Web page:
Wednesday, June 24, 2020

Native Youth Conference Tackles Substance Abuse Prevention, Intervention

Posted By on Wed, Jun 24, 2020 at 3:22 PM

Each day this week from noon to 1 p.m., Two Feathers Native American Family Services is hosting a virtual youth conference on substance abuse intervention and prevention. Entitled “Walking the Red Road Together,” the conference takes place live on Facebook. Speakers include substance abuse counselors, folks in recovery and college and high school students from local tribes.

Two Feathers Native American Family Services was established in 1998 as a consortium of several tribes to provide direct social services to local Native families.

"Two Feathers' mission is to promote the stability and security of families and to protect the best interest of Indian children," the organization's Facebook page states. "We are committed to incorporating cultural traditions that engage a balance of emotional, mental, physical and spiritual health."

Check out video from the first three days of the conference embedded below, tune in to the group's Facebook page here to watch live tomorrow and Friday. And for more information about the schedule and participants, see the press release copied below the videos.




Two Feathers will be hosting a Virtual Youth Conference called "Walking the Red Road Together". With support of the mentors at Two Feathers, TAY age youth (ages 16-18) have come together to develop a youth conference around substance use intervention and prevention!

This virtual Youth Conference will happen on Two Feathers-NAFS Facebook page, LIVE at 12pm-1pm PST on June 22-26, 2020!!!

The schedule of events are as follows:

Monday June 22: Mike Duncan is an enrolled member of Round Valley Indian Tribes. His tribal heritage is Maidu/Wailaki /Wintun and Western Band Shoshone. In 2012 Mike Duncan founded Native Dads Network and is currently the CEO of the 501c3 non-profit. Since 2009 Mike has facilitated the “Fatherhood/Motherhood is Sacred” curriculum with great success and has helped create a network of Fatherhood/Motherhood groups in Northern California. He has worked in urban and rural tribal communities conducting workshops discussing topics such as Fatherhood/Motherhood is Sacred, Historical Trauma, and Healthy Relationships.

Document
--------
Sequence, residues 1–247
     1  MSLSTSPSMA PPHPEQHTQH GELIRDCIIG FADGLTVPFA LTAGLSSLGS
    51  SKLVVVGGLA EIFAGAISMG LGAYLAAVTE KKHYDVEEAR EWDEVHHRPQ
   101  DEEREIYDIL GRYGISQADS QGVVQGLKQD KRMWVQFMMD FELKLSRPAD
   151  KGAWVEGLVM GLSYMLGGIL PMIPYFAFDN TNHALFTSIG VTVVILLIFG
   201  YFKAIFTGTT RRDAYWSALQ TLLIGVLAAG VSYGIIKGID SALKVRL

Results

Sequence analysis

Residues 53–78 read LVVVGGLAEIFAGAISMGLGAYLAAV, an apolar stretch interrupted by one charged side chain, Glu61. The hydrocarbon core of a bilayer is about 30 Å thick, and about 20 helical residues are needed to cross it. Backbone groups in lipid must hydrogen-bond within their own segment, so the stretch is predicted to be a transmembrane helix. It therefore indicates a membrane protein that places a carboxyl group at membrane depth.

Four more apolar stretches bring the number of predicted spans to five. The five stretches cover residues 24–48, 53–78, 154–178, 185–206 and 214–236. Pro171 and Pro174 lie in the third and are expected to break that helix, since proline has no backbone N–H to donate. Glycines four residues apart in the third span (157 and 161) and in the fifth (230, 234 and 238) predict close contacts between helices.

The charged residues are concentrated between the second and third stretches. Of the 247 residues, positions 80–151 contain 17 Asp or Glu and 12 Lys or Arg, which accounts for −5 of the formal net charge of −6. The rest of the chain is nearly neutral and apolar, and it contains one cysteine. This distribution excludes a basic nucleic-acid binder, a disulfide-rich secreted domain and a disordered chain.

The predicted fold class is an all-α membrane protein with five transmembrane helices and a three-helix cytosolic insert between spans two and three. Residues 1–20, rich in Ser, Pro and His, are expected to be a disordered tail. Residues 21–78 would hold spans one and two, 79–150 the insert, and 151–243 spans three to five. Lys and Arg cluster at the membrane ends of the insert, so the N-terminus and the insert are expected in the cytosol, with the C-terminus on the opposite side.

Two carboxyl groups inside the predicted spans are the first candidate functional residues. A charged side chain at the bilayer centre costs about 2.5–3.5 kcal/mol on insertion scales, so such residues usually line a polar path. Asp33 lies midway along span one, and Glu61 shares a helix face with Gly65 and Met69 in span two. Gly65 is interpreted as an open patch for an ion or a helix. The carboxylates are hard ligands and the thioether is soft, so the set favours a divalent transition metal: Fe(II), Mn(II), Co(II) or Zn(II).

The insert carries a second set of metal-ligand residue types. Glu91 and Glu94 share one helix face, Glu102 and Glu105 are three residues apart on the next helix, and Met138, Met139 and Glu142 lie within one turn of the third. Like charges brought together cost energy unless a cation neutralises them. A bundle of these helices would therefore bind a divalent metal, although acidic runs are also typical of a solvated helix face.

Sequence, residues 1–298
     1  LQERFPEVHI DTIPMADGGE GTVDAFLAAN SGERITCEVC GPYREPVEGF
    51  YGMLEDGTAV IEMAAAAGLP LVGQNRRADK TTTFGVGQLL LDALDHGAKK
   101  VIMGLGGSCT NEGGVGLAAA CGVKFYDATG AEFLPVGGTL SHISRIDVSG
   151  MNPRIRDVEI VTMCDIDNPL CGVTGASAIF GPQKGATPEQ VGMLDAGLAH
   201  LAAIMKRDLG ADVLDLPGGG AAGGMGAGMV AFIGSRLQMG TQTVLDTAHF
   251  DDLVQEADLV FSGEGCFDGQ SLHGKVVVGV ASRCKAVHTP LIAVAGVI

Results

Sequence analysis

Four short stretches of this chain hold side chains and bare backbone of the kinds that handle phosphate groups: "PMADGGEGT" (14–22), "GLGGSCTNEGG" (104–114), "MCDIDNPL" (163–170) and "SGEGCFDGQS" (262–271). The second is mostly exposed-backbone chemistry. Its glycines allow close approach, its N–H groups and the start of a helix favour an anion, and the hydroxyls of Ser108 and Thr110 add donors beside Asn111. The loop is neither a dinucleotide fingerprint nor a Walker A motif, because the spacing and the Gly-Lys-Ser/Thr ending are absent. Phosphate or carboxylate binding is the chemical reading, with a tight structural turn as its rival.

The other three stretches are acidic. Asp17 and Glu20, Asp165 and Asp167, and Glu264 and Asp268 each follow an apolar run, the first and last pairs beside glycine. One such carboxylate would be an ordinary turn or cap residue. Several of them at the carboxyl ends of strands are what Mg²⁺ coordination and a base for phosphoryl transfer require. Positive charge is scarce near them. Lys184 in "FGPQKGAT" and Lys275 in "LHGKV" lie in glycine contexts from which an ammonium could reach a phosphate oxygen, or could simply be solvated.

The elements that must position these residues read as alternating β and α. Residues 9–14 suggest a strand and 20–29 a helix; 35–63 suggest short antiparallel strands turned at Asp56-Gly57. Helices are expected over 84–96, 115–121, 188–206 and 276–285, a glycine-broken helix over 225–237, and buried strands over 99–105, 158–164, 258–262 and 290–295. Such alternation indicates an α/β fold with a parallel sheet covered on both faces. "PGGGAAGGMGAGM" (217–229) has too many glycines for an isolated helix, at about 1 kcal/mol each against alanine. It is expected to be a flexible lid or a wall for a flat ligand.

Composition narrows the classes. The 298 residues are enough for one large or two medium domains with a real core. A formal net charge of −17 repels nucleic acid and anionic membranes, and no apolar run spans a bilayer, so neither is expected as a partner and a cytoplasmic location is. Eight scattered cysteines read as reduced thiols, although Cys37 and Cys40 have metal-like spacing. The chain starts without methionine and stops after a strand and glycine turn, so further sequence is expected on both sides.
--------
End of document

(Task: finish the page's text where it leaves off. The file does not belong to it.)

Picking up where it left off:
Tuesday June 23: Edward Gusto Bowie Sr is a Bear River Band of the Rohnerville Rancheria Tribal Member. Mr. Bowie’s maternal Great Grandparents are ‘aa-wok Ada Baldwin Masten (Hupa) and David Masten (Hupa & Yurok). His paternal Great Grandparents are James Moon (Redwood creek), James Bowie (Hupa) and Caroline Wright (Wiyot). Mr. Bowie comes from a large family of six siblings that include four brothers and two sisters. In Mr. Bowie’s 43 years of life, he has overcome many obstacles that have been placed in his path. Some of those obstacles, he created himself while others, he was inherently born into. Through these choices and obstacles, he has grown to be a better person. Mr. Bowie is a proud father of five beautiful children.

Wednesday June 24: Robbie Lara. Hupa tribal member, Northwestern California Graduate of Haskell Indian Nations University and Southwestern Indian Polytechnic Institute. Lara is employed with United Indian Health Service as a substance abuse counselor. She has cultural experience in beading, basket making, fishing, gathering, gardening and is a practitioner of traditional healing. Her life goal is to help people suffer less. Her vision is to create a wellness program for local Natives incorporating Native culture.

Thursday June 25: Frank Waln is an award-winning Lakota Hip Hop artist, music producer and performer from the Rosebud Reservation in South Dakota. As a Gates Millennium Scholar, he received a BA in Audio Arts and Acoustics from Columbia College Chicago and he has been featured in numerous media outlets including ESPN, The Fader, MTV and many more. Frank travels sharing his music and story with communities to educate and inspire Native and non-Native people through performances, keynotes and workshops. To be Lakota means to be a good relative. As a Lakota artist, Frank Waln uses his art to encourage others to be better relatives, to each other, to the land and to ourselves.

Friday June 26: Youth Panel interviews. Local Native college students (mentors at Two Feathers) will be interviewing local Native high school students.

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